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Sunday, 6 March 2011

Christmas Turkey

From this week's Writers' Island prompt: Secret.

Granddad would bag the parson's nose,
the wishbone was fair game between
the likes of we two boys. We'd each
take hold, and on mum's say-so, rip
the thing apart, and doing so,
would make a secret wish. The bone
would split unequally. Next, mum,
behind her back,would hide them in
her fist - just two white ends would show.
Then one of us would choose. We each
would hope the other would step up.
Whoever chose - or by default
obtained - the larger part, would wish.
The wish just might be granted - if
you kept it to yourself and breathed
no word to anyone. That was
the challenge. Meet it, and you well
might have your heart's desire. But what
if it came true for you? What then?
Could some malignant spirit steal
the booty from your grasp? I have
to say, I never did find out,
and even now I cannot tell
you, friend, one word of what I wished.

16 comments:

Arnab Majumdar said...

Life teaches us to keep secrets. You have taught us why it's important.

Cheers,
Joy...

Jim Murdoch said...

The thing about most stories about humanity’s dealings with the supernatural is that there are always rules by which both sides are obliged to abide. They might demand our soul in return, our firstborn child or just, as you say, our silence but if the debt is not paid in the prescribed manner, on time and in full then, as the saying goes, all bets are off. I like the way this starts of all nice and Christmassy – excellent opening line, by the way – and then the dark meat appears at the end. I might have used that as the difference between what the two boys got, white or dark meat, but your point is still well made.

anthonynorth said...

You painted a scene there I remember from my youth. And I can't remember those wishes either.
Great read.

120 Socks said...

Now there's a thing, if that list of wishes could be found, what would it reveal? Nice one Dave.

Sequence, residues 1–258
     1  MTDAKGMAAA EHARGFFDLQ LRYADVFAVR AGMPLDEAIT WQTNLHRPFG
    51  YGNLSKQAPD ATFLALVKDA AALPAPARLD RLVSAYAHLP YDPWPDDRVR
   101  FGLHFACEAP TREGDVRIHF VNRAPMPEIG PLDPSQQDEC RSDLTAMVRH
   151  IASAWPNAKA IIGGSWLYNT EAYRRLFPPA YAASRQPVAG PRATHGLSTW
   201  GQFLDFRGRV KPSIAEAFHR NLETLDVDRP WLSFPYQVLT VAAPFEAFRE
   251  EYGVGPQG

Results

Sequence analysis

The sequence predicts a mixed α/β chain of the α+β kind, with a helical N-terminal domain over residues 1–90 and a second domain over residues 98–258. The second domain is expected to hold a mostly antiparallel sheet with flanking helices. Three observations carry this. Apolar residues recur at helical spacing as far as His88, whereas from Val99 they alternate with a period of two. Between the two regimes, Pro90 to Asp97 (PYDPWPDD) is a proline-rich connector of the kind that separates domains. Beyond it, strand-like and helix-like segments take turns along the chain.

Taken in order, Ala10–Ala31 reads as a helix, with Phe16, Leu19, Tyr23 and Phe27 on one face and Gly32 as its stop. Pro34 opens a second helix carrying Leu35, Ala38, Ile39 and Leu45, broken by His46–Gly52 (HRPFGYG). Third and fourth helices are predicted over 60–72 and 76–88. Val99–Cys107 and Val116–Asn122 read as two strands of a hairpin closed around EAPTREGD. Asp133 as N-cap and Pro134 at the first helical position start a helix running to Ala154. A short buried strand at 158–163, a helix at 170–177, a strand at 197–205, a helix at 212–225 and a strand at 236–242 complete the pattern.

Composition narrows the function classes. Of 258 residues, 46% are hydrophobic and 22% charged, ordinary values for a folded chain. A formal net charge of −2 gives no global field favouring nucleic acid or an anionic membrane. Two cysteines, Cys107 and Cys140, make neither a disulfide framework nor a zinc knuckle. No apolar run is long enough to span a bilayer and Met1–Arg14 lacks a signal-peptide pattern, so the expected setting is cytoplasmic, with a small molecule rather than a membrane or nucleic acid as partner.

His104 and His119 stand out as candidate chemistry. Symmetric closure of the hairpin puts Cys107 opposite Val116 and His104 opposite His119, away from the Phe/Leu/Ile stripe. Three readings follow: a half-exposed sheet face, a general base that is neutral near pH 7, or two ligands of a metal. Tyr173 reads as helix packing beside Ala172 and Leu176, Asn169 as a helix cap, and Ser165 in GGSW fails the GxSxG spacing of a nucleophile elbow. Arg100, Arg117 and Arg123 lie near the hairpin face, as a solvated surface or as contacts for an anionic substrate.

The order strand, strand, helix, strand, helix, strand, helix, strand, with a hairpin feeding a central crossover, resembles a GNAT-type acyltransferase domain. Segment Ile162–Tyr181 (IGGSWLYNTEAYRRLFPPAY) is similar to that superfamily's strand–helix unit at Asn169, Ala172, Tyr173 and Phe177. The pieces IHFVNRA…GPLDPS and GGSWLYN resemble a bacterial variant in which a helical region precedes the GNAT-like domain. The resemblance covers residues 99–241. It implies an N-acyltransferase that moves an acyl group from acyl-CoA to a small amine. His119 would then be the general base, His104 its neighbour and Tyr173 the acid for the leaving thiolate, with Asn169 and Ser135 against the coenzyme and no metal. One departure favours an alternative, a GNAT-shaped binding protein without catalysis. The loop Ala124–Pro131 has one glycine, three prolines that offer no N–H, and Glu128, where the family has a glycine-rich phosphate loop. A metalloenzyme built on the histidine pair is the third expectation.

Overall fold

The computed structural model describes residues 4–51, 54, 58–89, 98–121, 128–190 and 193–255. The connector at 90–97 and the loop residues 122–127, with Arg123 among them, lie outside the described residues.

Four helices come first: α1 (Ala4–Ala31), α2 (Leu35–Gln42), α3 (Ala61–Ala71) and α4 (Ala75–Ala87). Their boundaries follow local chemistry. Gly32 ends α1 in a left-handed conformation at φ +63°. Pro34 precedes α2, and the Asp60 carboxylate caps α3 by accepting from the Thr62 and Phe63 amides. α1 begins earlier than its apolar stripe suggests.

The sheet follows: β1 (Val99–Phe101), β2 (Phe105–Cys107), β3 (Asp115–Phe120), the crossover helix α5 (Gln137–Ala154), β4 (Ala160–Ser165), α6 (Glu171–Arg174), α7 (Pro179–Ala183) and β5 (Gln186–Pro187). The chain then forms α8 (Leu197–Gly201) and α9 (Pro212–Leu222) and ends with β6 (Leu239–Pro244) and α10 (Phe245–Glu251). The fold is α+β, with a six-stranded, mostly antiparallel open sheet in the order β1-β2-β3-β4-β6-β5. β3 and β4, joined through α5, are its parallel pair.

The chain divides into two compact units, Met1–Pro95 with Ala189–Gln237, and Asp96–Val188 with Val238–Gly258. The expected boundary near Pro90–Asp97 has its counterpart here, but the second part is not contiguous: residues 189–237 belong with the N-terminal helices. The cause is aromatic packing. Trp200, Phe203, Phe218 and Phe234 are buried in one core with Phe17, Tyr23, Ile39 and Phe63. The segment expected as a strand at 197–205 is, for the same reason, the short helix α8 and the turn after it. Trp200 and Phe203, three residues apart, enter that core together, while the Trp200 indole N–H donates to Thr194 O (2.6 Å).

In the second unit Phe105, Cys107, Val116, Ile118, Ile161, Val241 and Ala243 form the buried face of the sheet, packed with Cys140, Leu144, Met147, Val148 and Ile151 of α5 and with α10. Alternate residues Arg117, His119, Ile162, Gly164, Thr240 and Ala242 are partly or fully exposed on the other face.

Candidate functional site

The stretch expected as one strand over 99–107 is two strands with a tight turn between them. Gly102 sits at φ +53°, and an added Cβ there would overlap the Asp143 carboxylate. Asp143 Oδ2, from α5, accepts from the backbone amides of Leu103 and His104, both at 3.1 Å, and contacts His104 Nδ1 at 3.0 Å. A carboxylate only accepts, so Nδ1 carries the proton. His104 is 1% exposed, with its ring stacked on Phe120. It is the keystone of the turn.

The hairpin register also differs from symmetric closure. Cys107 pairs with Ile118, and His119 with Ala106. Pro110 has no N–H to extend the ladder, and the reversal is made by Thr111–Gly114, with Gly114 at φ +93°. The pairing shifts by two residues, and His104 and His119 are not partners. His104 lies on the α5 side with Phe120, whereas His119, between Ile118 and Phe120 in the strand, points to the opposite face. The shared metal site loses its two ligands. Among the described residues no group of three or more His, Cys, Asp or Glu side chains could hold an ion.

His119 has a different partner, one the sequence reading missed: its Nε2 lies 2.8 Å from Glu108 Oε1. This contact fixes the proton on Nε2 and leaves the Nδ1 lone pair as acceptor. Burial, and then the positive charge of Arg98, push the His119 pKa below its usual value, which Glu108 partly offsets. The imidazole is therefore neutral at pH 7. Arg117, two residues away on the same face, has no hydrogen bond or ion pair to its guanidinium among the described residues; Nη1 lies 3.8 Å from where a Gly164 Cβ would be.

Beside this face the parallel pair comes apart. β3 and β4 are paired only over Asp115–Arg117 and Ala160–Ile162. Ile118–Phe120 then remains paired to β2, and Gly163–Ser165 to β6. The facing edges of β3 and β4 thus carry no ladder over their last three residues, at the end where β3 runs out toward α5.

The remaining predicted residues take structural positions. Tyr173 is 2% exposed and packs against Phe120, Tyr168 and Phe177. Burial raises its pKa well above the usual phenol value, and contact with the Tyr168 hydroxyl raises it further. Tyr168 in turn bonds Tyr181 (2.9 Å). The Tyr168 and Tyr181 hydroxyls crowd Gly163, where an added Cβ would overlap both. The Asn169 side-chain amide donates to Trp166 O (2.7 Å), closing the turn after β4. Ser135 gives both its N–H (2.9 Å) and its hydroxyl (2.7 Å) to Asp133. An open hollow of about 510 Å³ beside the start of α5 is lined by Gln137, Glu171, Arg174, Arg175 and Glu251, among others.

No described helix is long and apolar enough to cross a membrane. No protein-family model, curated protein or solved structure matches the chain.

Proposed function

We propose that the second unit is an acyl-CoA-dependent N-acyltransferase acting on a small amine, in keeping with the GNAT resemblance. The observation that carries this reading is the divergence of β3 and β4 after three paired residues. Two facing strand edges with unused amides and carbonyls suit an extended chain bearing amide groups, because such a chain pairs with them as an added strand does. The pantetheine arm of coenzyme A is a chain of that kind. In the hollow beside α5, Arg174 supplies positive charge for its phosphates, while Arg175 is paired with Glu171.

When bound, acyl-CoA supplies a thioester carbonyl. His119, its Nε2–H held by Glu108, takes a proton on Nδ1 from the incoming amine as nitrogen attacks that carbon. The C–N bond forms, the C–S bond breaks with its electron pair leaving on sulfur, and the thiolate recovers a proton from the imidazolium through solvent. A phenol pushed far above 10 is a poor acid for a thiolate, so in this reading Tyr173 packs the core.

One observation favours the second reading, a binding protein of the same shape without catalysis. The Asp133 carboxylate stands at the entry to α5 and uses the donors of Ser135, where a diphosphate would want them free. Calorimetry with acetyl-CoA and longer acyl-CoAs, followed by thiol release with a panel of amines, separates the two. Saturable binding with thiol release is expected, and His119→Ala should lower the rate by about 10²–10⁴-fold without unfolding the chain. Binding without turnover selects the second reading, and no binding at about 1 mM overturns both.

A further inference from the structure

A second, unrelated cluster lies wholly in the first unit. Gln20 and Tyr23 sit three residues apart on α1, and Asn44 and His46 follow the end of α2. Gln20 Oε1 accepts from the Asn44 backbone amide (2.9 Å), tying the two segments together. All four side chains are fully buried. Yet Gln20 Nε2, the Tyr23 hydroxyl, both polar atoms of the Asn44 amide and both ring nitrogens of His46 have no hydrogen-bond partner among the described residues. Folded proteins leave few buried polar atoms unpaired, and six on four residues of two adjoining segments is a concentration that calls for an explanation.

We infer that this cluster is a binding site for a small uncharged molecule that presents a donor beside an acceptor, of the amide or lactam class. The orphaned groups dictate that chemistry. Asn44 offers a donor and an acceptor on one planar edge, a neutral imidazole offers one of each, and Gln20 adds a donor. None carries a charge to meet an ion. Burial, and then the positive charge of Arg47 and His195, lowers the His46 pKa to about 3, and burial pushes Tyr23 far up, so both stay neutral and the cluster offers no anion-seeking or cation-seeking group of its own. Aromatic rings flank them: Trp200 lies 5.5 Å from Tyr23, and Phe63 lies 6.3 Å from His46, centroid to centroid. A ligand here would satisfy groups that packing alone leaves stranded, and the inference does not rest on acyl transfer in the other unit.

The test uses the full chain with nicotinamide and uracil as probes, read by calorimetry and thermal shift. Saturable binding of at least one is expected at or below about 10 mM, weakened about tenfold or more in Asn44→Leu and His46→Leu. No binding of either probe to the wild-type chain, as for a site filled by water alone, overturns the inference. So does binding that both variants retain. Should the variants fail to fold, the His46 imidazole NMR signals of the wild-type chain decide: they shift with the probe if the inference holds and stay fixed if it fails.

vivinfrance said...

This poem evokes scenes from my own - and I dare say most people's - childhood. The loose rhyme scheme suits the story-telling aspect very well.

David Cranmer said...

Secrets can be good.

Tabor said...

Strong of character you are. I hope they all come true soon.

Mike Patrick said...

Family traditions often live long after large portions of the family are gone. Lovely memory.

Windsmoke. said...

A lot of family traditions are being lost these days and are being replaced or not bothered with which is very sad. Fantastic trip down memory lane :-).

Kass said...

I always wished my mother would have another baby, hopefully a boy.

Nice poem.

Isabel Doyle said...

Isn'tit odd how the paterfamilias always bags the 'parson's nose'? And not a particularly tasty bit of turkey in my experience. Something about droit de seigneur? If the magic is in the ceremony and the wishbone, is mum always some high priestess in other rituals? The poem is like an incantation of shared experience, judging by the comments!

Dave King said...

Arnab
The secret, though, is HOW to keep them! Thanks.

Jim
I like the idea of the dark and light meat. I can see that has a lot of miles in it. Much appreciate the comments.

anthonynorth
I can recall just one of them, but what I most vividly recall is the emphasis my grandparents placed on the not telling.

120 Socks
I guess it woud tell a lot of what is secret about me! Stuff even I don't know!

vivinfrance
Hi, and a warm welcome to you. Thanks for making the trip. You are right, of course. Some of the most interesting things from the past are those that were universally experienced - but with an individual twist.

David
And sometimes they are delicious!

Tabor
Ah, I wonder if I'd want them to... thanks, anyway.

Mike
Good to have you with us. Welcome and thanks for the comment. Yes, those traditions and those memories take on new significance with age.

Windsmoke
I do so agree with you about the loss. VERY sad.

Kass
I had wished like mad that my brother would be a girl.

Isabel
Hi Great to have you visiting, for which much thanks. Also for the interesting comment. I don't recall mum being High Priestess in any other ceremony - and maybe it wasn't always her in this one. Regular events tend now to come together in a single memory in which one subsumes them all.
Thanks again.

Jinksy said...

I well remember playing this game. As we used our little fingers to hold the wishbone, I invariable lost, as my little finger was always lacking necessary stength to ba a victor!

Dave King said...

Jinksy
I do believe I hear the sound of violins, Jinksy! Never mind. Lovely comment. I thank you!

Lolamouse said...

Ah, sibling rivalry and family secrets. Always the stuff of good stories! Great poem!

Dave King said...

Lolamouse
Good stories and wars, I'm told. Thanks for the comment.